‘Why planning revolution is critical for cities of the future’
With two-thirds of people expected to live in cities by 2050 and urban areas accounting for 70 per cent of the emissions that are propelling the planet into a climate unknown, the challenge is both clear and urgent: cities must be reimagined.
In a report this year, the International Resource Panel said cities must be low-carbon, resource-efficient and socially just.
The expert group, which was set up by UN Environment, said urban demand for resources could rise by 125 per cent by 2050 with at least 200 new cities expected to be built in Asia over the next 30 years.
“We have a once-in-a-lifetime opportunity to shift the expected urbanization onto a more environmentally sustainable and socially just path,” the report said. “Decisions made today on urbanization and land-use models, as well as on critical infrastructure, will determine whether our investments are future-proof or whether they in fact lock us into an unsustainable path.”
“We are at a tipping point,” says Martina Otto, head of the Cities Unit at UN Environment. “We have seen sub-national and local governments stepping up and taking forceful commitments, for example, at the recent Global Climate Action Summit in San Francisco. While it is increasingly recognized that urban planning is critical, in many places planning capacity is lacking.”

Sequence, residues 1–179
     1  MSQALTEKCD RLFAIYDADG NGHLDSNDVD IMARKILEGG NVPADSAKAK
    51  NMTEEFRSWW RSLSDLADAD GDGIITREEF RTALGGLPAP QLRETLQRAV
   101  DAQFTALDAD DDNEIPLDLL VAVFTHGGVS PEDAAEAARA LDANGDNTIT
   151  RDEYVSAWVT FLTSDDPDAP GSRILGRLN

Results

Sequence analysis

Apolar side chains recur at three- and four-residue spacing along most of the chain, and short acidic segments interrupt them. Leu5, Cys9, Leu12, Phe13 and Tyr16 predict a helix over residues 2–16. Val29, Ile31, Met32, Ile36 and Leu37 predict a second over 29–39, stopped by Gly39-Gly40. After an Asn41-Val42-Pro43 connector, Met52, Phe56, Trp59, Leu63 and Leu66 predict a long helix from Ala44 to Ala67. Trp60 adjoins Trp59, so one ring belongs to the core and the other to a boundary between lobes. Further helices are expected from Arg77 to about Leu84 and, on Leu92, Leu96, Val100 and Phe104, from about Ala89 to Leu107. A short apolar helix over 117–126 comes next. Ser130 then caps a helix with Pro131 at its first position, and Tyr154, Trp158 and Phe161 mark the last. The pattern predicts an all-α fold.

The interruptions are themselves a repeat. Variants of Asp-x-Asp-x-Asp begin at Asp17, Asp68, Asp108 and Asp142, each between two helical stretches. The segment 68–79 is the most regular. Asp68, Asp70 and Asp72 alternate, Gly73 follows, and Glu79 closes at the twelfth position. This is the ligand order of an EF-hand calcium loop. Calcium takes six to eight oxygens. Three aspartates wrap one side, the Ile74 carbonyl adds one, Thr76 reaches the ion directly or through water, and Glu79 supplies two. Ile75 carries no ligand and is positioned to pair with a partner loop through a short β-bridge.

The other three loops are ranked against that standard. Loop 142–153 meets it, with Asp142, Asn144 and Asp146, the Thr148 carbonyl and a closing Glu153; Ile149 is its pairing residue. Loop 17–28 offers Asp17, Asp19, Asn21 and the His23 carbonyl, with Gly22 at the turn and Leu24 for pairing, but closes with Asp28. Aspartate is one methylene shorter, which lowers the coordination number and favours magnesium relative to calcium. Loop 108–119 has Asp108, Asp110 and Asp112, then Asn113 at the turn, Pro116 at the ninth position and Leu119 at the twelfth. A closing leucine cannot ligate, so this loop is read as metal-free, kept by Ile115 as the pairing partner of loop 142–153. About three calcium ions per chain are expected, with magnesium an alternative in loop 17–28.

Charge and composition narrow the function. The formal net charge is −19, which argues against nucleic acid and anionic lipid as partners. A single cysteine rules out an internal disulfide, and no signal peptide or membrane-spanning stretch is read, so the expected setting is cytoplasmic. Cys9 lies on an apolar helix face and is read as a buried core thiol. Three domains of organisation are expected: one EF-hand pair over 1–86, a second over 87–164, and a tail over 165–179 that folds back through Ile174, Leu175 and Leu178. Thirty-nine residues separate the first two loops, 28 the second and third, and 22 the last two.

For Otto, what is needed is a “planning revolution” that yields strategically structured, compact cities with mixed-use neighbourhoods and buildings, and with an emphasis on integrated urban systems. She would also like to see green roofs and walls and biodiversity corridors; decentralized energy systems, complementing grids and powered by renewables; and a better use of spare capacity through a sharing economy.
In 2015, UN member states signed up to the Sustainable Development Goals, which include specific targets (SDG 11) to make cities and settlements “inclusive, safe, resilient and sustainable”. Otto says much work remains to be done as we are “still far from the level of implementation that we need to see”.
Steps are being taken. In August last year, 19 cities committed to significantly cut greenhouse gases by ensuring that new buildings are net zero carbon by 2030, with all buildings meeting this standard by 2050. Net zero carbon means that the total amount of energy used each year equates to the amount of renewable energy created on the site and requires reduction of energy intensity of buildings as a precondition.
Launched by the World Green Building Council, the pledge was backed by C40 Cities, a network of the world’s megacities committed to addressing climate change by sharing knowledge and implementing meaningful action. It is also in line with the objective of the UN Environment-hosted Global Alliance for Buildings and Construction to move “towards a low-emission, efficient and resilient building and construction sector”.
Thirty-six cities have joined UN Environment’s District Energy in Cities Initiative, which supports local and national governments to accelerate investment in modern, district energy systems using underground insulated pipes to pump hot or cold water to multiple buildings to create synergies between the production and supply of heating, cooling, domestic hot water and electricity, and make use of surplus heat and cold, and local renewable sources.
These kinds of pioneering solutions to address environmental challenges will be at the heart of the fourth UN Environment Assembly next March. The meeting’s motto is to think beyond prevailing patterns and live within sustainable limits.